Some of these books manifest gender invisibility, illustrated by Sam with his Green Eggs and Ham and Max in Where the Wild Things Are -- all-male books where girls simply don't exist. Women may play the backstage role of mom but the primary, if not the sole focus is on the male character. My head nearly explodes every time I read Hop on Pop's ode to "what a day dad had." What about mom? Sure, she doesn't rhyme with sad and bad, but who's asking about her day? In other children's classics, such as the Babar series, Cat in the Hat and the Velveteen Rabbit (the latter even written by a woman!), the narratives are promulgated by male protagonists, leaving little space for girls and women, who are generally either mute or relegated to traditional female roles -- cooking, cleaning, brushing hair, picking flowers, waving fairy wands. It's no wonder that Sonia Sotomayor and other powerful women such as Hillary Clinton and Ruth Bader Ginsburg cite Nancy Drew as one of their inspirations; at last, a book with a strong, intelligent, and resourceful female protagonist!
The gender aspects of the books I read to my daughter had been troubling me for some time, and then a dear relative who'd just returned from London brought us a copy of Paddington Bear -- one of my all-time favorites as a child. I'd not remembered that Paddington arrived as a stowaway from "Darkest Peru" and that the British family who takes him in re-names him because nobody can understand his Peruvian name. Paddington, who has never seen a bathroom before, notes that friendly London is not a bit like "Darkest Peru" -- home of the Inca Empire and Machu Picchu, where civilization flourished as early as 3000 B.C. The neocolonialist hubris almost makes you want to laugh; that is, if you weren't reading it to your impressionable child.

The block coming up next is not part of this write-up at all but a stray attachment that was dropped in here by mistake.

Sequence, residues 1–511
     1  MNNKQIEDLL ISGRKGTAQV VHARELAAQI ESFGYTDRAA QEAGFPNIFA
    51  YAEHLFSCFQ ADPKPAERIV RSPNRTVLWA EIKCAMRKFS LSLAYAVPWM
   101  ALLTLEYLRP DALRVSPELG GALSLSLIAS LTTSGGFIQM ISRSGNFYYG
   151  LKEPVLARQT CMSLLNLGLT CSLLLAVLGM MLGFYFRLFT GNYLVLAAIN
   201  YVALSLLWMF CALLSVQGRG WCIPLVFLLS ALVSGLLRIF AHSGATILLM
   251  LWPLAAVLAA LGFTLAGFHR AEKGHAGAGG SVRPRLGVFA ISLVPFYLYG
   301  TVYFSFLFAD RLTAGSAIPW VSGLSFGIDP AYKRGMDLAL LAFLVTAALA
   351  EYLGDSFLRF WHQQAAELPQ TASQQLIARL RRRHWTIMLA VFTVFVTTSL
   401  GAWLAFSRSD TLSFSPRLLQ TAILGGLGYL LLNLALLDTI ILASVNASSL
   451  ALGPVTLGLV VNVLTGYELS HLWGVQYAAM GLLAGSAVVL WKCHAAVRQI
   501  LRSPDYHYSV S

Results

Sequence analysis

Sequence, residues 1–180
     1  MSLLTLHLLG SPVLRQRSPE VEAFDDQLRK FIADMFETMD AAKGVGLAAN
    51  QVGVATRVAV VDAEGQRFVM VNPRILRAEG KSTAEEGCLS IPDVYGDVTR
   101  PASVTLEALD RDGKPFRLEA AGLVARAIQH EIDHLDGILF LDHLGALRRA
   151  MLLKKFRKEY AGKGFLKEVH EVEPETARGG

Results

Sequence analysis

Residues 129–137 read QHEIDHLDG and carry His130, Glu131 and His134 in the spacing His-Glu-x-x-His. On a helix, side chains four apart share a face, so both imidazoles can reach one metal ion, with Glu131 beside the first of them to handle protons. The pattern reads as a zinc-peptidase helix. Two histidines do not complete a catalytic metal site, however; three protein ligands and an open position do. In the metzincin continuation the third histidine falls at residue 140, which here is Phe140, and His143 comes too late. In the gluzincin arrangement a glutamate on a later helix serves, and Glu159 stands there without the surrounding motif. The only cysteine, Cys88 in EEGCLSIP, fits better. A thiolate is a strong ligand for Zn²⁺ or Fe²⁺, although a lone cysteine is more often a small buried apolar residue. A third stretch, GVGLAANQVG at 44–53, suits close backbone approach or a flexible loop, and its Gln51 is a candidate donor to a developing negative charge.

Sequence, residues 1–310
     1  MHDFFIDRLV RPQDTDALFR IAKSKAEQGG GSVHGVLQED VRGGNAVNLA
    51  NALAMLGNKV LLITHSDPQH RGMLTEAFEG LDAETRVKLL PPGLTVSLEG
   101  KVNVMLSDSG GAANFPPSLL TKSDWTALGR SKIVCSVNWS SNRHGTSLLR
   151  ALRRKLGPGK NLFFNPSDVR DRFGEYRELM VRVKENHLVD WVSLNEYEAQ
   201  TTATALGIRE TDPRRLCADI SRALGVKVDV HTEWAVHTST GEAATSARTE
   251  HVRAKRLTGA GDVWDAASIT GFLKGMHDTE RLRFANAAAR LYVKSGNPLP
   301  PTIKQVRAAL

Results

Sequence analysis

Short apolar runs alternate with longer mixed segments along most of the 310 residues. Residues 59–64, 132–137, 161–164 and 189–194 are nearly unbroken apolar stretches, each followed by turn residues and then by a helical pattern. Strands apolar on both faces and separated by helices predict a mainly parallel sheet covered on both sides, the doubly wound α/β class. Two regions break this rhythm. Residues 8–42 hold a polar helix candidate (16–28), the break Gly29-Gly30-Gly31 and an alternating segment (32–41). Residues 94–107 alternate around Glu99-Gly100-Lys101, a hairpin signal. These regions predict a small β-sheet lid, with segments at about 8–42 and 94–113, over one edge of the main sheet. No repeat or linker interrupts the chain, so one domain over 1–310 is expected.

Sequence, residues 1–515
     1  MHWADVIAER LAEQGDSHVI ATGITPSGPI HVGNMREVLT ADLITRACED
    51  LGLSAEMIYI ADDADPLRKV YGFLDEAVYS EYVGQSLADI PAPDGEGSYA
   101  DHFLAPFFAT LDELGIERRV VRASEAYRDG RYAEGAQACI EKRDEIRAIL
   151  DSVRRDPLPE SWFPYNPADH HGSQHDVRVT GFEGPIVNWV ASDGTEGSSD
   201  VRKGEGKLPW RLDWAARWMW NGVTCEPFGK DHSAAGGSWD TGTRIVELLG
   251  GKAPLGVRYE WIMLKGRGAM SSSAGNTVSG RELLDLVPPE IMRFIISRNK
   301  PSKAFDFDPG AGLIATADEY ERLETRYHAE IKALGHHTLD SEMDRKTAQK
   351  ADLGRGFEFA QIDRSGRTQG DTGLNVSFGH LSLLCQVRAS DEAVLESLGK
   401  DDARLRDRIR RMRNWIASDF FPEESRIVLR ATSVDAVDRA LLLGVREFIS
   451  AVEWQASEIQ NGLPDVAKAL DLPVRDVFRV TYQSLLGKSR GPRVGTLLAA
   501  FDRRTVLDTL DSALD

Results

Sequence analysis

Of course, these days there are numerous books to choose from with strong minority and female role models, from the beautiful Grandfather's Journey to my daughter's favorite, D.W., who plays soccer and reads precociously, to The Family Book, which gently promotes diversity in sexual orientation and ethnicity. At the same time, I'd like to share with her the stories that I adored as a child, and certainly don't want to deprive her of the books that she's come to love. Perhaps the answer is to balance these troubling classics with children's books that offer strong female and minority characters and themes. I welcome readers' suggestions of their favorites!